I’ve been very fortunate to have the unique opportunity to see both sides of the post production coin, if you will. Being this sort of sound effects editor/re-recording mixer hybrid has really propelled my understanding of the post production sound process and has expanded the depth at which I create that sound tenfold. I’ve come to find that the two roles compliment each other and I find myself using skills from one discipline in that of the other (and vice versa) on a daily basis. First and foremost, I will always have an affinity for sound effects editing. The single most mixer-related skill that has improved that affinity, and one that I cannot edit without, is panning automation. More specifically, panning automation in a 5.1 or surround space.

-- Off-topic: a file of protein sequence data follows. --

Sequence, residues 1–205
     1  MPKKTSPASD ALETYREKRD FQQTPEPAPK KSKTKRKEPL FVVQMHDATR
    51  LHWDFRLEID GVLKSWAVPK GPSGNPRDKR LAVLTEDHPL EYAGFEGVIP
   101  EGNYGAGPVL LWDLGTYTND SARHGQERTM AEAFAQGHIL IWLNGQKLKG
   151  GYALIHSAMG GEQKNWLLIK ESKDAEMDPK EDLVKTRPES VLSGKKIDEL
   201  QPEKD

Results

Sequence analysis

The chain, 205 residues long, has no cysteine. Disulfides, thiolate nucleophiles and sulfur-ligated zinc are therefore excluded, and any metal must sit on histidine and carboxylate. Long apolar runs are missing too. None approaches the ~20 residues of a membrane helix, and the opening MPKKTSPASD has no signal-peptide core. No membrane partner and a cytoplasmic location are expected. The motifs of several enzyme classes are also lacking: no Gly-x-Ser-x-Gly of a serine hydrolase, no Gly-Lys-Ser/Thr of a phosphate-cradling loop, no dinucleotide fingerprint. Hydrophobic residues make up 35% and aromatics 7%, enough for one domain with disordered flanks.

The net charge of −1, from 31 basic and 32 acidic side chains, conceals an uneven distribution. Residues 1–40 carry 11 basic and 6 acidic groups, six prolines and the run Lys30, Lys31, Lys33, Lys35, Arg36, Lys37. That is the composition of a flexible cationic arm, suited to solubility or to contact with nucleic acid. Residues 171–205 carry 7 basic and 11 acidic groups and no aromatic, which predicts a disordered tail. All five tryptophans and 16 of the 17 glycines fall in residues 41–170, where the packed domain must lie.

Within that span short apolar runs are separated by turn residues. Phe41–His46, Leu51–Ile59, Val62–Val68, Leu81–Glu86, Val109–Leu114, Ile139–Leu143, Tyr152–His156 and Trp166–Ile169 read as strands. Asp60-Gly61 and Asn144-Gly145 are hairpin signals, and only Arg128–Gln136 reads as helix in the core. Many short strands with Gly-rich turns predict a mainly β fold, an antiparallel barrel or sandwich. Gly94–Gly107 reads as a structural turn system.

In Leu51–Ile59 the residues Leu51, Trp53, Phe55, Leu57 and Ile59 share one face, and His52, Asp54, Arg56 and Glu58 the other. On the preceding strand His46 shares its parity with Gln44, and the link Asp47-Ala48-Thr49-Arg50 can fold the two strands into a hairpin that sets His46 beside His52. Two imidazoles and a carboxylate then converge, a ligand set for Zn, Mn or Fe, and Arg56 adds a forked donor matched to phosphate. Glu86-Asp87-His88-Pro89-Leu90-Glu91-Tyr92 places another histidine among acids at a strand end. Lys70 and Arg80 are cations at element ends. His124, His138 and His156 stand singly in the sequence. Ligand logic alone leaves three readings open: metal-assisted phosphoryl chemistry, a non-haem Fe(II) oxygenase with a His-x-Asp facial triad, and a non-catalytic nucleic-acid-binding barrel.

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The great thing about recording and designing sound effects is that source material is near infinite. Fortunately and unfortunately, having such an incredible variety of sound sources makes each new recording session a technical and creative challenge, requiring forethought and experience. One of the decisions we must make is the format in which we will capture the sound; mono, stereo, quad-surround, 5.1 surround and ambisonic are all valid options depending on the source at hand. Sound effects are most commonly captured in mono or stereo, and today we will compare several common stereo microphone techniques for field recording.